Review: ★★★★ Crisis? What Crisis?, Colab Factory

Review: ★★★★ Crisis? What Crisis?, Colab Factory

1979: a game-changing year in British politics, and not too dissimilar from events today. The Labour government were in jeopardy, after The Winter of Discontent, so Margaret Thatcher called for a vote of no confidence. The result? A Conservative win and Thatcher as PM: but what if you were able to change all that? That is the premise of Parabolic Theatre’s new immersive theatre piece, where alongside the actors; you get to try to rewrite history!

Parabolic Theatre execute the immersive aspect exceptionally. As soon as the audience enter the building, you’re taken right into 1979 with the set and then given your own government pass. Leader and co-writer, Tom Black, does an excellent job at setting up how everything will work: the plan is to attempt to keep a hold of the Labour government by thwarting the Conservatives vote of no confidence. There is a treasury department- lead by stand out performer of the night Zoe Flint, whose comedic spin on economist Karen is hilarious; a civil unrest department – to monitor areas where strikes and violence may occur; and the political department – to help sway MPs to vote to keep in labour. Every action the audience take has a knock on effect on another department, for example in order to keep a union leader happy, you may have to increase their workers’ salaries which would increase inflation. Every aspect of the set up is superbly done, as there are only prompts to help steer towards the end goal, and the rest is entirely down to audience actions.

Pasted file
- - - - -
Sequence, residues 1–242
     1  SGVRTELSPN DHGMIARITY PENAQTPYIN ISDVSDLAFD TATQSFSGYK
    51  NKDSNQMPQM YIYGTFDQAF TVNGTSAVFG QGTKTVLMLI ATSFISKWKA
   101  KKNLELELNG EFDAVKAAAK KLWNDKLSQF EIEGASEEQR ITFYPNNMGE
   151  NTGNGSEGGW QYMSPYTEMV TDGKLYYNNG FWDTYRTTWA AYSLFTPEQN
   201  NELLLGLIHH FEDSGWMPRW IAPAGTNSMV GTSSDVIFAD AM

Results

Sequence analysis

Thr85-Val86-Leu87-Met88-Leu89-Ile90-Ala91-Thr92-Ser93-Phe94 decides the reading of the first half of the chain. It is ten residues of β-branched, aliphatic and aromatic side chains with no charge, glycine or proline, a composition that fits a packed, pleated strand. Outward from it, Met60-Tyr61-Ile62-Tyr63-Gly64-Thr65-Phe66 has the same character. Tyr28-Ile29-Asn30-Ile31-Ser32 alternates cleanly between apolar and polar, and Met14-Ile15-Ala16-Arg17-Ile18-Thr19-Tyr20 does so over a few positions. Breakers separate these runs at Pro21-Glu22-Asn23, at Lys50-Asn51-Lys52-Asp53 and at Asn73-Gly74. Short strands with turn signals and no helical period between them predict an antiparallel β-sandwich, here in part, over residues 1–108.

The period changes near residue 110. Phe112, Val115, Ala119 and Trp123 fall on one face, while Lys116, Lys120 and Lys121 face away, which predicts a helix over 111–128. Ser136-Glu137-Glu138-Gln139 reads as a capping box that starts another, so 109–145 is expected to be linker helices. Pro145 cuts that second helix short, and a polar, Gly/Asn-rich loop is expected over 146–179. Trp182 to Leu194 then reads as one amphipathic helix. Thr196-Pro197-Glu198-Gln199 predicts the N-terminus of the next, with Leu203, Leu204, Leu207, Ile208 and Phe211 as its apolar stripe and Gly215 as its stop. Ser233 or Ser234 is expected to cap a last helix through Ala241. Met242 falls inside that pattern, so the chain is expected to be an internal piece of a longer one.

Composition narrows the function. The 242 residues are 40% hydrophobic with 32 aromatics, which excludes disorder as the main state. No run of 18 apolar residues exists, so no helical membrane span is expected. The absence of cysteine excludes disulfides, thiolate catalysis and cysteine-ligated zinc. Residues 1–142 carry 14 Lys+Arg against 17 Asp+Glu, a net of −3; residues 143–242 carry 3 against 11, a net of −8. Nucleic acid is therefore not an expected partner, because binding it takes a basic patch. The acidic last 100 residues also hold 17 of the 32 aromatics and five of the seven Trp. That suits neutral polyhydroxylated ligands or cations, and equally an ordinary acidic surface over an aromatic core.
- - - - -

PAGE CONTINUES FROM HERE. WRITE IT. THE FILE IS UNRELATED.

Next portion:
This particular night, the audience: sold islands under our control in order to decrease inflation, flirted with Tory MPs to not vote, and flew Tony Benn from New York in a concorde then helicoptered him to Westminster, stopped civil unrest in towns that were heavily affected by coal and steel strikes and made deals with union leaders to prevent further unrest. All of which resulted in Labour defeating the Conservatives and remaining in government – but any night could be different.

The attention to detail from the Parabolic team is excellent, down to the Ceefax and the old television, custard creams, the BBC broadcast and the fax machine. The fact that the bar amends their prices depending on inflation, and that when you pick up the phone there is actually someone on the end of it really adds flair to the premise.

The only qualm is your night can so heavily be affected by your fellow audience members, and at times your level of political knowledge of the time – could mean things could get slightly overwhelming, but the actors are always on hand to help bring you back into the mix.

Overall, Parabolic have put together something quite extraordinary that is recommendable for any politics swots out there as a different night out, whilst remaining prompting after thoughts about the current state of UK politics.

Niamh Flynn

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